There have been glimmers of hope and exciting opportunities for the Life & Peace Institute during the year, says Judy McCallum in this reflection over her first year as Executive Director of the Life & Peace Institute.
The year 2016 has been a tough one for many people all over the world.
According to the Global Peace Index, we are further away from world peace than at any other time in the past 10 years; there are fewer countries in the world that can be considered truly “at peace”. The GPI also reports that inequality is on the rise, particularly in the least peaceful countries.
The media is filled with stories of violent extremism and conflict. Expressions of intolerance, fear and hate are increasingly given a platform.
The space for civil society to engage in advocacy for human rights and environmental protection is also shrinking around the world, with many governments resorting to heavy handed and often violent responses to dissent.
In many places, people are ending this year feeling more afraid and less optimistic than when it started.
However, there are signs of hope in the world for those who have eyes to see them. In LPI’s work of conflict transformation and peace building, we often bear witness to the power of community to work together to transform conflicts at the local, national, and even regional levels.
Our local civil society partners are working closely with governments and international partners to bring about incremental changes that will lead to greater democracy and a more peaceful future.
My first year here at LPI has been a year filled with many transitions and challenges. We work with communities where people are enduring in contexts of protracted violence, or have been forced to flee their homes because of that violence, and where corruption hampers development and exacerbates conflict.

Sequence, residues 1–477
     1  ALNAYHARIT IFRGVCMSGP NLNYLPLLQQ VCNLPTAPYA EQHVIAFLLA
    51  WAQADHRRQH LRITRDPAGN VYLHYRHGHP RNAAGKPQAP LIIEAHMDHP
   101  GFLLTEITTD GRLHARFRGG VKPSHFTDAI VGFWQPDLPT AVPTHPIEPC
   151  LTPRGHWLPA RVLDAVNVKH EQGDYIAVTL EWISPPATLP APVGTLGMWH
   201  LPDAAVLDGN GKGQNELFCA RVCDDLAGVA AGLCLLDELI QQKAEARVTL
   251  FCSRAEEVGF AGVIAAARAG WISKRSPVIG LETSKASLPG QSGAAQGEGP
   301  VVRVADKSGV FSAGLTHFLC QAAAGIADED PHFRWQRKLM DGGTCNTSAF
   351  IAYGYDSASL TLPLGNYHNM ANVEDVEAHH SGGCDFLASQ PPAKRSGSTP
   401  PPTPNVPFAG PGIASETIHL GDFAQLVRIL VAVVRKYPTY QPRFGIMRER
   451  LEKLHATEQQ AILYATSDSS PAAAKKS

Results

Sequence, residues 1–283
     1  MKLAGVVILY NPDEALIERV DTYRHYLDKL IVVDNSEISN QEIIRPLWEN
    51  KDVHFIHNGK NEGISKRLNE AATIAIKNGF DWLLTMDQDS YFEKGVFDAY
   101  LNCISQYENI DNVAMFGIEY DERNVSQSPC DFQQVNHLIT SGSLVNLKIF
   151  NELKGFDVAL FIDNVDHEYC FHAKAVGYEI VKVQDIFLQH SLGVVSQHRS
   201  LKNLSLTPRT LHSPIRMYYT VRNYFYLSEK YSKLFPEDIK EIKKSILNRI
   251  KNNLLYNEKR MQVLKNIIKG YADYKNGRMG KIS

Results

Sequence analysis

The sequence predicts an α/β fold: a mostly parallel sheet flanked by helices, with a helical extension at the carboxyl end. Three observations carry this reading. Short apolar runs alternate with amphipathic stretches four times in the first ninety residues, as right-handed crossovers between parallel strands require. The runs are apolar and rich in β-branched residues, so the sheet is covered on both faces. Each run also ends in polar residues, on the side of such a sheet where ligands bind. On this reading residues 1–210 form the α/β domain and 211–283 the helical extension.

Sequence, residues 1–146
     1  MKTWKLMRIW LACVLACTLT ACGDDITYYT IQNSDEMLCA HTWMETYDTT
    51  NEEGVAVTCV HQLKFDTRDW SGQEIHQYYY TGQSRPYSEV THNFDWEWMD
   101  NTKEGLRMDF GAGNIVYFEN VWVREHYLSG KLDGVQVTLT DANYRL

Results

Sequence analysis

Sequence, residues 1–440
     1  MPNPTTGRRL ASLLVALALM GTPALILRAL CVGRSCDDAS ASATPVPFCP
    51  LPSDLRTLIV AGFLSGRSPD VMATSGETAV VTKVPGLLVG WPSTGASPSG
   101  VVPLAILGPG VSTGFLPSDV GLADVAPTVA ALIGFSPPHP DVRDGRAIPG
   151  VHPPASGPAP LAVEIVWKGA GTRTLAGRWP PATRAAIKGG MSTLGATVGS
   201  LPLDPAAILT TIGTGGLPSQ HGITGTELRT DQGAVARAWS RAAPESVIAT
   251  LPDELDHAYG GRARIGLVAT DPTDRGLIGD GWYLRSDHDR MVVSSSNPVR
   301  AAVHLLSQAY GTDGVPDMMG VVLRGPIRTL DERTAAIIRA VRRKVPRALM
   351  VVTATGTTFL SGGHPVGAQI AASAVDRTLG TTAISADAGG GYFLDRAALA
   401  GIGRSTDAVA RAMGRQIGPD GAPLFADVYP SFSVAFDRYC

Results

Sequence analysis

However, there have also been exciting opportunities and glimmers of hope:
- LPI finalised its 2017-2021 Strategy, setting the stage for our continued work with local partners in the Horn and Great Lakes regions of Africa for Conflict Transformation.
- We had the privilege of cementing our long-standing relationship with the Inter Government Authority on Development (IGAD), by signing a memorandum of understanding (MoU), committing to work closely to promote peace and human security in the Horn of Africa.
- With our local partners in Somalia, we supported a series of successful community dialogues leading to ceasefires and peace treaties between clans in southern and central Somalia. These agreements have resulted in a reduction in inter-clan fighting, better mobility, increased trade, and the potential for displaced to return to their homes.
- In Eastern DRC, we promoted women’s participatory leadership around land management and human security.
- We have seen an increasing number of young people trained and participating in Sustained Dialogues in Ethiopia, Kenya and Sudan.
As 2016 comes to a close, our solidarity and commitment to these communities, and to our partners who work with them, has deepened.
I have been personally inspired by our local partners and their commitment to bring positive change in their countries and contexts, and to engender enduring peace and human security in their communities.
I would like to take this opportunity to express my gratitude to our dedicated staff and partners. Without their exceptional drive and devotion, the work of LPI would not have been possible in 2016.
On behalf of our partners and the communities where we work, I would similarly like to express our appreciation to our valued donors for their ongoing support.
As we come to the end of 2016, when many of us celebrate what is a significant celebration of peace, hope and joy to the world, we at LPI continue to pray and work for a peaceful and brighter 2017.
Indeed, we cling onto the hope that peace and equality is possible to achieve as we stand together in solidarity in these challenging days.